Courses

Chinese-Japanese (CHJA)

I. Introductory

120a. Introduction to Chinese and Japanese Literature (1)

China and Japan have rich cultures that have deeply influenced one another. This course introduces some of the major works of Chinese and Japanese literature, including philosophical works, novels and films. Thematically, the course is organized around the way that major intellectual trends (including Confucianism, Daoism and Buddhism) resonate in text from both cultures. Among the readings are novels dealing with love and sexuality (including China's Dream of the Red Chamber and Japan's The Tale of Genji), works about martial virtues (such as the Chinese novel Three Kingdoms and the Japanese play Chushingura), as well as selected poetry, short stories and films. All readings and discussions are in English. Mr. Van Norden.

II. Intermediate

290a or b. Field Work (1/2 or 1)

One-half or one unit of credit given only in exceptional cases and by permission of the chair. Offered only pass/fail. The department.

Prerequisites: two units of Chinese or Japanese.

298a or b. Independent Study (1/2 or 1)

One-half or one unit of credit given only in exceptional cases and by permission of the chair. Offered only pass/fail. The department.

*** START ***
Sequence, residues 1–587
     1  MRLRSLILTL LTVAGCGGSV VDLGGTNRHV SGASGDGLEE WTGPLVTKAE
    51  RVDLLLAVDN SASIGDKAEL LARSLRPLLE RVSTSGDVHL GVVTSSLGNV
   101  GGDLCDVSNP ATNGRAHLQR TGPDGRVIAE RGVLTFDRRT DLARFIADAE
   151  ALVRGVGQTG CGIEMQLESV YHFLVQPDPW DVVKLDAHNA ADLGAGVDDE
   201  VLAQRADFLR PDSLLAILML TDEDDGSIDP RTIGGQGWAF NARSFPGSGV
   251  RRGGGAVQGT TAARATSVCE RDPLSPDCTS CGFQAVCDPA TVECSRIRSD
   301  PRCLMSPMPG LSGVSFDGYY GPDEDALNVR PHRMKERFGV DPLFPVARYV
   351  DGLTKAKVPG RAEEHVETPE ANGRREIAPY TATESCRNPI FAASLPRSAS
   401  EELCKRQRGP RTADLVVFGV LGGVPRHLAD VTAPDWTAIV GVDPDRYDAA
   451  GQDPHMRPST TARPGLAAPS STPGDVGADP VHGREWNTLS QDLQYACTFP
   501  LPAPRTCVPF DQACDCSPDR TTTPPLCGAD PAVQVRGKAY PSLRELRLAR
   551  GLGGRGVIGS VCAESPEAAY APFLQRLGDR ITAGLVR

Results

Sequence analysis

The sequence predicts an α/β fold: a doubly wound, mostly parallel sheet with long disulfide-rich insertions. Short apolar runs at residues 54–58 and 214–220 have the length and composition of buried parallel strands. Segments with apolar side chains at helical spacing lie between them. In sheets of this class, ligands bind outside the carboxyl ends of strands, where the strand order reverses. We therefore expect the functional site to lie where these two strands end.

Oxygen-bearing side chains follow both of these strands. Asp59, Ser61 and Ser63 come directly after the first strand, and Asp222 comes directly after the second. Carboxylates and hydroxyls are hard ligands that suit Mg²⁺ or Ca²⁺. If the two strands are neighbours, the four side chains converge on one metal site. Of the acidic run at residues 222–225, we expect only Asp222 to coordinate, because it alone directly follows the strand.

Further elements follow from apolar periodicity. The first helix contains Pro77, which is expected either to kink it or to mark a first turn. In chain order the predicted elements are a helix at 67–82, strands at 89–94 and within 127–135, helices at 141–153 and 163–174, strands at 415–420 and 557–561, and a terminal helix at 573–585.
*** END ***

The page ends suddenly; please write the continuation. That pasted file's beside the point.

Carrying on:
Prerequisite: 2 units of Chinese or Japanese.

III. Advanced

300a. Senior Thesis (1/2)

Open only to majors. The department.

Yearlong course 300-301.

Permission required.

301b. Senior Thesis (1/2)

Open only to majors. The department.

Yearlong course 300-301.

Permission required.

302a or b. Senior Project (1)

Open only to majors. One-unit project done in one semester. The department.

Permission required.

303a. Senior Project (1/2)

Open only to majors. One-unit project done in two semesters. The department.

Yearlong course 303-304.

Permission required.

304b. Senior Project (1/2)

Open only to majors. One-unit project done in two semesters. The department.

Yearlong course 303-304.

Permission required.

350b. Seminar on Modernism, Post Modernism, and Hermeneutics (1)

(Same as Philosophy 350) The Modernism/Postmodernism/Hermeneutic divide stretches across many different disciplines, including philosophy, literary theory, history, religious studies, political science, anthropology and others. Roughly, these approaches argue over whether rationality, truth, and ethics are culturally and historically universal (Modernism), incommensurable (postmodernism) or dialogical (Hermeneutics). This course explores these approaches with an emphasis on how they apply in the context of one culture trying to understand another. Requirements include regular class participation that shows familiarity with the readings and many brief essays. Mr. Van Norden.

Prerequisite: courses at the 200-level.

One 2-hour period.

351a. Special Topics in Chinese and Japanese Literature and Culture (1)

(Same as Asian Studies 351) Topics vary each year. Can be repeated for credit when a new topic is offered.